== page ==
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What happened to players who accepted a qualifying offer?

Since MLB’s qualifying offer system was instituted in 2012, just five players have taken the qualifying offer.

Baltimore Orioles v Washington Nationals Photo by Rob Carr/Getty Images

Qualifying offers (QO) were handed out to seven impending free agents on Friday. For most, like Nationals outfielder Bryce Harper or Red Sox reliever Craig Kimbrel, declining their offers is nothing more than a clerical move. In fact, none of the seven players really have a great case to take the offer. They’re all expected to become free agents as scheduled.

In short, the goal of the qualifying offer is to compensate teams which have lost their marquee players in free agency. The full definition and rules can be found here. Generally speaking, if a player who was extended a qualifying offer signs elsewhere, his former team is awarded a compensation pick in the following MLB Draft. His new team also loses a pick; the round of the pick is determined by the size of the contract signed.

The qualifying offer system has been part of the Collective Bargaining Agreement since 2012, and, with the inclusion of the 2018 QOs, an even 80 players have been extended the agreement over the past seven seasons. Of the 73 players who were offered a QO before 2018, 67 — or 91.8 percent — have declined their respective offers. Just five players — Jeremy Hellickson, Neil Walker, Colby Rasmus, Matt Wieters and Brett Anderson — have ever accepted the qualifying offer. (Marco Estrada is the lone outlier; he was offered a qualifying offer in 2015, but he signed an extension with the Blue Jays before having to make a decision in either direction.)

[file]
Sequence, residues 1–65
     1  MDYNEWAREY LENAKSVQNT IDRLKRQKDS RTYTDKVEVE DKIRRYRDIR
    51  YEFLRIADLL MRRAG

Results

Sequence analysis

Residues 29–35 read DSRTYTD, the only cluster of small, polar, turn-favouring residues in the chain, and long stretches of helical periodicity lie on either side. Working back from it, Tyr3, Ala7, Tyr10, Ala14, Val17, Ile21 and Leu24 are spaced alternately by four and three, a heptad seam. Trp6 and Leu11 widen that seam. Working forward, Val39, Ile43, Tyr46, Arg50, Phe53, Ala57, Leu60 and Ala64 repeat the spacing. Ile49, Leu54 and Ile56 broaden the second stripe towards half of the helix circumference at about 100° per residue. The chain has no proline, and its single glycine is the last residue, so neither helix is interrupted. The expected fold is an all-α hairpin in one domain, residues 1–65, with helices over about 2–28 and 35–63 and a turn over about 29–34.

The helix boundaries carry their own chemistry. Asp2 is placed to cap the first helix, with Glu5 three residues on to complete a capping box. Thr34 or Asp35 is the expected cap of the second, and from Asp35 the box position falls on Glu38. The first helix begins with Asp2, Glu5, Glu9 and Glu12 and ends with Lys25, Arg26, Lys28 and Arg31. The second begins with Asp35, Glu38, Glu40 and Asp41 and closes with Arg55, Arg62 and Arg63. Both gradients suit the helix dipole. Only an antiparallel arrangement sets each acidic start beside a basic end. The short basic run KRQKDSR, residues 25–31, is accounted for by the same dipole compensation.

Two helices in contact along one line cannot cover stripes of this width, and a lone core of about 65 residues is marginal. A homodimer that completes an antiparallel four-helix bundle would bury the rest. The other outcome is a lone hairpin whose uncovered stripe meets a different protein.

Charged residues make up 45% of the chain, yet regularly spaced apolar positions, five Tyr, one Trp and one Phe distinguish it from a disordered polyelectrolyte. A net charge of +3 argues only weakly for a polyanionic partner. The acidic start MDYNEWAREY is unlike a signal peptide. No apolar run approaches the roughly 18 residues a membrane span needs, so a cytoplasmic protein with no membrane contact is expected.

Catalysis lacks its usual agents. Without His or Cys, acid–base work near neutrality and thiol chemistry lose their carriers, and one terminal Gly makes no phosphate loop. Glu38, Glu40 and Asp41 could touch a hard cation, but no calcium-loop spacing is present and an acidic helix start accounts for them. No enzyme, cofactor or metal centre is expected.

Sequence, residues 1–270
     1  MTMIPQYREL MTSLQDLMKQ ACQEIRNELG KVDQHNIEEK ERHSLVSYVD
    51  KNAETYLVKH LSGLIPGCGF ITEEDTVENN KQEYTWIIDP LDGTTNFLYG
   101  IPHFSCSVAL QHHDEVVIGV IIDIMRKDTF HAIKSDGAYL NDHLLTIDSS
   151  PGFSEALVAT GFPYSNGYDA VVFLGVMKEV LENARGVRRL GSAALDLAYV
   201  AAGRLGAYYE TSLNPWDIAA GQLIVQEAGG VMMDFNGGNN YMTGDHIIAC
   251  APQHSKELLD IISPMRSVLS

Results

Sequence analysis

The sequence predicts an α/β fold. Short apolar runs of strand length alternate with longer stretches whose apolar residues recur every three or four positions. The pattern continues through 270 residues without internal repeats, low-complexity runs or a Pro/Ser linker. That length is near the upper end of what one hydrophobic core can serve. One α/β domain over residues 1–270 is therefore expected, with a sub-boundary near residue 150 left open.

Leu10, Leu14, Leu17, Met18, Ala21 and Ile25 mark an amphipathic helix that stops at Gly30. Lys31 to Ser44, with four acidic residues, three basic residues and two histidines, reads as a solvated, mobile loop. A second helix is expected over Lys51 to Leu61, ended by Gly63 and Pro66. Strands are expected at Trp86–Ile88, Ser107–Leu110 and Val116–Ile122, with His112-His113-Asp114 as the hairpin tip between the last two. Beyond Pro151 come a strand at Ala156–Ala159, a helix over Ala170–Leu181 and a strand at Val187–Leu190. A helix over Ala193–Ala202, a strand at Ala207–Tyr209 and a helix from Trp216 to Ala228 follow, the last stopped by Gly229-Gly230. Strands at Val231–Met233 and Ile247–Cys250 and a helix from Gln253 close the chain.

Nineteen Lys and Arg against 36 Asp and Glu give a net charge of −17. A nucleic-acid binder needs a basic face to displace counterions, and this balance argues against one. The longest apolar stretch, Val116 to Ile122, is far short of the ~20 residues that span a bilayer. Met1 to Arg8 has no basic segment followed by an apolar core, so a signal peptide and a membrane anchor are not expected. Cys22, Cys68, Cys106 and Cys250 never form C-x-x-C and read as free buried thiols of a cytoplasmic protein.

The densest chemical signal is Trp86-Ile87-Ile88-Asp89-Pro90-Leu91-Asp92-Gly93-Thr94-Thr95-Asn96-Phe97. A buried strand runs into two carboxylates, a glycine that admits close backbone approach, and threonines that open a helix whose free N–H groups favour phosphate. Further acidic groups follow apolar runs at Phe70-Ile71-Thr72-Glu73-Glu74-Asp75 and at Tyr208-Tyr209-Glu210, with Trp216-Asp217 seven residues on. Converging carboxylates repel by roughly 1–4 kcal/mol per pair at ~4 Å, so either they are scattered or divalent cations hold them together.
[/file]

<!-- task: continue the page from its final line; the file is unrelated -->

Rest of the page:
It shouldn’t be surprising that the majority of free agents decline their qualifying offers. Bryce Harper is going to get a lot more than $17.9 million this offseason, even if he only decides to sign a one-year deal. (He won’t, but that’s not the point.) Harper is going to decline the QO in his sleep.

It’s only the non-superstar players (i.e. Jeremy Hellickson) who have a real decision to make when it comes to the qualifying offer. And, considering that these players are less likely to be receiving a qualifying offer in the first place, the rate of rejection skyrockets upwards of 90 percent.

But, it’s not like nobody has ever taken the qualifying offer. It has happened. Players can be wary of the potential harm a qualifying offer may have to their free agent stocks. Teams are clearly more likely to lose a draft pick for Bryce Harper than for Jeremy Hellickson, and that ultimately affects each of their own individual markets. So, for those five players, taking the qualifying offer possible wasn’t as much a bet on themselves as it is their only plausible option considering the circumstances.